Amygdala; Neuropharmacology; Neurophysiology; Social Behavior; Prefrontal Cortex; Psychiatry and Psychology
How do we interact with others, and why? Human and nonhuman primate brains have evolved to deal with increasing demands of dynamic social interactions. Social behaviors are heavily reinforcement driven, whether their motivating factors are physical rewards, such as food and sex, or more abstract rewards, such as vicarious experience and interpersonal reputation. Investigating how the brain computes social preferences and decisions can offer an ecologically valid and efficient way of unlocking the mystery of the mind. Elucidating the neural basis of social behavior will ultimately help treat social deficits in numerous psychiatric disorders.
My research is aimed at understanding the neural mechanisms responsible for social cognition. My laboratory focuses on how reward-related areas of the brain signal social preferences and generate social decisions. To answer our questions, we apply both neurophysiological and neuroendocrinological approaches while nonhuman primates are actively engaged in social interactions. We investigate neuronal representations as well as neuromodulatory actions of hormones, like oxytocin, in the reward-related brain regions during social behavior. We also study fundamental aspects of reward-guided decision-making in order to better understand how basic neural mechanisms are recruited to mediate social behavior.
Please feel free to contact me with any questions.
- Neural mechanisms of social interaction and social decision-making
- single-unit recording from primate prefrontal cortex
- posterior parietal cortex and basal ganglia
- neurobiology of oxytocin-mediated social cognition
- combined neurophysiology and neuropharmacology
- reference frames
- sensory-to-motor transformation
- neuroethology of social behavior
Live Interaction Distinctively Shapes Social Gaze Dynamics in Rhesus Macaques
Dal Monte, O., Piva, M., Morris, J. A., & Chang, S. W. (2016). Live Interaction Distinctively Shapes Social Gaze Dynamics in Rhesus Macaques. J. Neurophys., jn-00442.
The Anterior Cingulate Gyrus and Social Cognition: Tracking the Motivation of Others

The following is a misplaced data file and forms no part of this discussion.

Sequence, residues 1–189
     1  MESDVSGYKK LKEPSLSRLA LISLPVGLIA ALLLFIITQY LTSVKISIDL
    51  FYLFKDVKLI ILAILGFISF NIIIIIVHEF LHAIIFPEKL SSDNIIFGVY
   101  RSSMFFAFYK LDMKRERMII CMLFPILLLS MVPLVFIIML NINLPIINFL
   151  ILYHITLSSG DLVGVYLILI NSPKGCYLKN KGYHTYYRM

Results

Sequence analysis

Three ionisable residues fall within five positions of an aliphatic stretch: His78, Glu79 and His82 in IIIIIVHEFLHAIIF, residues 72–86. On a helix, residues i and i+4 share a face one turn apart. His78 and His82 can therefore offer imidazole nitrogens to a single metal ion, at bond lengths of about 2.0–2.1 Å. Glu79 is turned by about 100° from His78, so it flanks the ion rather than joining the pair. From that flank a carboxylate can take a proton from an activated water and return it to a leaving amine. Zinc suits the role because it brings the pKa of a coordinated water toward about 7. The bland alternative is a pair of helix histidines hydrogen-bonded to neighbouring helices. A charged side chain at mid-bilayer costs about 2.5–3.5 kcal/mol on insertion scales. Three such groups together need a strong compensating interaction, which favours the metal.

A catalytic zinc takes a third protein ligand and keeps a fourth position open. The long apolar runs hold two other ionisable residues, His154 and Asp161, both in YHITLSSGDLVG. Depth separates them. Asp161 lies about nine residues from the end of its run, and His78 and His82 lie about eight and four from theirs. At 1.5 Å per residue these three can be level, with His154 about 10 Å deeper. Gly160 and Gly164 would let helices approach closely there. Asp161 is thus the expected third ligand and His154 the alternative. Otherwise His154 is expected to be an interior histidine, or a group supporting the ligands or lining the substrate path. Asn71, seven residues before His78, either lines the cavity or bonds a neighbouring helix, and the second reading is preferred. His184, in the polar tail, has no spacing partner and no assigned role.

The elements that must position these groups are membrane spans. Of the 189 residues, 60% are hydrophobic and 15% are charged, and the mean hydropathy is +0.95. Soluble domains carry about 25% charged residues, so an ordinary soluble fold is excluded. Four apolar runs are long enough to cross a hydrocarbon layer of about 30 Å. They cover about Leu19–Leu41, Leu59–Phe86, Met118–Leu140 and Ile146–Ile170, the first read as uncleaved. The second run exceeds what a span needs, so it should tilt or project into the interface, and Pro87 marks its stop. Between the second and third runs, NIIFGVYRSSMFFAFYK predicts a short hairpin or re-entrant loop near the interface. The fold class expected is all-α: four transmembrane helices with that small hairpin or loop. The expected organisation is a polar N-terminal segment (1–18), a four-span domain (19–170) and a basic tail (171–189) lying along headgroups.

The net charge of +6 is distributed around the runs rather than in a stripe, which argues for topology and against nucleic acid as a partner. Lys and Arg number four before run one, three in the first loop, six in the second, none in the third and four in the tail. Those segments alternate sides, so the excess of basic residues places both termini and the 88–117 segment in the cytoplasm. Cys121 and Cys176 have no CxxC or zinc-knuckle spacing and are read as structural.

Apps, M. A., Rushworth, M. F., & Chang, S. W. (2016). The Anterior Cingulate Gyrus and Social Cognition: Tracking the Motivation of Others. Neuron, 90(4), 692-707.
Neural mechanisms of social decision-making in the primate amygdala
Chang, S. W., Fagan, N. A., Toda, K., Utevsky, A. V., Pearson, J. M., & Platt, M. L. (2015). Neural mechanisms of social decision-making in the primate amygdala. Proc. Natl. Acad. Sci., 112(52), 16012-16017.
Neuronal reference frames for social decisions in primate frontal cortex
Chang SW, Gariépy JF and Platt ML (2013) Neuronal reference frames for social decisions in primate frontal cortex. Nat. Neurosci., 16: 243–250.
Neuroethology of primate social behavior
Chang SW, Brent LJN, Adams GK, Klein JT, Pearson JM, Watson KK, and Platt ML (2013) Neuroethology of primate social behavior. Proc. Natl. Acad. Sci., 110, 10387–10394.
Inhaled oxytocin amplifies both vicarious reinforcement and self reinforcement in rhesus macaques (Macaca mulatta)
Chang SW, Barter JW, Ebitz RB, Watson KK and Platt ML (2012) Inhaled oxytocin amplifies both vicarious reinforcement and self reinforcement in rhesus macaques (Macaca mulatta). Proc. Natl. Acad. Sci., 109, 959–964.
Idiosyncratic and systematic aspects of spatial representations in the macaque parietal cortex
Chang SW and Snyder LH (2010) Idiosyncratic and systematic aspects of spatial representations in the macaque parietal cortex. Proc. Natl. Acad. Sci., 107, 7951–7956.
Using a compound gain field to compute a reach plan
Chang SW, Papadimitriou C, and Snyder LH (2009) Using a compound gain field to compute a reach plan. Neuron, 64, 744–755.
Full List of PubMed Publications
- Dal Monte O, Piva M, Morris JA, Chang SW: Live interaction distinctively shapes social gaze dynamics in rhesus macaques. J Neurophysiol. 2016 Oct 1; 2016 Jul 13. PMID: 27486105
- Apps MA, Rushworth MF, Chang SW: The Anterior Cingulate Gyrus and Social Cognition: Tracking the Motivation of Others. Neuron. 2016 May 18. PMID: 27196973
- Chang SW, Calton JL, Lawrence BM, Dickinson AR, Snyder LH: Region-Specific Summation Patterns Inform the Role of Cortical Areas in Selecting Motor Plans. Cereb Cortex. 2016 May; 2015 Mar 15. PMID: 25778345
- Chang SW, Fagan NA, Toda K, Utevsky AV, Pearson JM, Platt ML: Neural mechanisms of social decision-making in the primate amygdala. Proc Natl Acad Sci U S A. 2015 Dec 29; 2015 Dec 14. PMID: 26668400
- Du E, Chang SW: Neural components of altruistic punishment. Front Neurosci. 2015 Feb 9; 2015 Feb 9. PMID: 25709565
- Chang SW, Isoda M: Toward a better understanding of social learning, social deciding, and other-regarding preferences. Front Neurosci. 2014 Nov 6; 2014 Nov 6. PMID: 25414637
- Chang SW, Platt ML: Amygdala: eyes wide open. Curr Biol. 2014 Oct 20; 2014 Oct 21. PMID: 25442845
- Chang SW, Platt ML: Oxytocin and social cognition in rhesus macaques: implications for understanding and treating human psychopathology. Brain Res. 2014 Sep 11; 2013 Nov 11. PMID: 24231551
- Chang SW: Coordinate transformation approach to social interactions. Front Neurosci. 2013 Aug 21; 2013 Aug 21. PMID: 23970850